August 2004
 
 
 
 

Walter Landor:
advertising


Pioneer of the Branding Phenomena

www.landor.com

 
 
All images have been used with permission. All images are copyrighted and strictly for educational and viewing purposes.
 
 

A true pioneer of the branding phenomena was Walter Landor (1913-1995), a German expatriate who settled in San Francisco, California. He believed that design, when backed by consumer insight, could be a powerful marketing tool. Landor once said, "Products are made in the factory, but brands are created in the mind". For years, Americans could not drink, eat or smoke without coming into contact with his work, whether it was Kellogg's Corn Flakes for breakfast, Gallo wine with lunch or Benson & Hedges after dinner.

Landor was born in Munich, Germany, and grew up under the influence of the Bauhaus and Werkbund design movements. At age 22, after attending London University, he helped start Industrial Design Partnership (IDP), England's first industrial design consultancy. On behalf of IDP, Landor came to the United States in 1939 as part of the design team for the British Pavilio at the New York World's Fair. In an effort to familiarize himself with America's industrial design, he traveled the country and, after arriving in San Francisco, he immediately decided to live there.

In 1941, Landor founded Walter Landor & Associates (later renamed Landor Associates) in his small San Francisco flat, with his wife Josephine as his first "associate". Walter Landor & Associates would soon become on of the four leading packaging design firms working with such clients as S&W Coffee, Sapporo, Alitalia, Hills Bros., Del Monte, Levi's, Bank of America, and Lucky Lager, just to name a few.

While Landor applied established forms and symbols to his designs, his use of new, unconventional materials, such as metallic foils and cellophane, enhanced the modern effect of commercial packaging. And while design remained at the core of his work, by the late 1960s, Walter Landor & Associates offered a broad range of services that became known as corporate identity.

In Landor's view, to be truly valid, a package design solution had to satisfy more than the accepted basic needs: protection of product, shelf impact, memorability, strong communication of product and brand – to be truly consumer oriented. He led his firm above and beyond the call of duty with weekly lectures and discussions on creativity – past, present and future – not necessarily related to industrial design; intense studies of consumer response to package design before the design process ever began; and the building of a unique personality of each client's product by making sure that no designs were reminiscent of each other.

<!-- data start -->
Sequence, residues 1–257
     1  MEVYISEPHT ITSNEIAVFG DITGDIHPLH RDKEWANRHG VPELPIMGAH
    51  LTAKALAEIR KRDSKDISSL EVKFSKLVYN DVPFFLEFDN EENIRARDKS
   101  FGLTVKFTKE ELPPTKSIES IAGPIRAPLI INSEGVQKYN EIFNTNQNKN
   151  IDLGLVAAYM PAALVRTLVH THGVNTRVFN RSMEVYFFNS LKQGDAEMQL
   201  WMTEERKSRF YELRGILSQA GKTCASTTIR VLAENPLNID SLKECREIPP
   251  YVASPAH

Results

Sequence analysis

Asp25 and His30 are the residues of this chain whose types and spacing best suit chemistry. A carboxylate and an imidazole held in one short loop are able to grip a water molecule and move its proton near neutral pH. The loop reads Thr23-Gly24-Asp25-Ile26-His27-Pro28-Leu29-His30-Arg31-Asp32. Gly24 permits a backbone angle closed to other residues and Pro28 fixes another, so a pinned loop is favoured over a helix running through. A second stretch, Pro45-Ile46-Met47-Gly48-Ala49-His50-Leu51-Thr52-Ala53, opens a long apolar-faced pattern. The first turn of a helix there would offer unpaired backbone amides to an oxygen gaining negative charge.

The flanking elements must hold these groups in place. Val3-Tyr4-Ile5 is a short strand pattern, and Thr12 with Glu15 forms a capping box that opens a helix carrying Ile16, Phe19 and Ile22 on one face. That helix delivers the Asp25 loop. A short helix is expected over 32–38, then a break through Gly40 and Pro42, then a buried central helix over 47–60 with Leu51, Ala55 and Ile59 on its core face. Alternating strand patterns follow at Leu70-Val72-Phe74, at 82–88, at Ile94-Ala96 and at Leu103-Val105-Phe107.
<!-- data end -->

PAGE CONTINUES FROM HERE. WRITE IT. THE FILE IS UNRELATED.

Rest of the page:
"We conceive the design problems as a problem in communication – rapid communication. We find it much, much simpler to arrive at a design solution which satisfies us aesthetically and emotionally, than to evoke a solution which is relatively satisfying to us personally, yet truly communicates to a mass audience. However, that is our responsibility."

Indeed, Walter Landor left his mark in the history and development of brands and visual identity. Year-by-year, Landor Associates offices were opened worldwide. In 1994, one year before his death, "The Walter Landor Collection of Design Records and Packaging" was permanently housed in the Smithsonian's Museum of American History.

 
 
  On An Island Cover
 
 
   
 
 
   
 
 
   
 
 
   
 
 
   
 
 
   
 
 
   
 
 
   
 
 
To see more of Walter Landor's work, please visit:

www.landor.com
 
 
 
 
 
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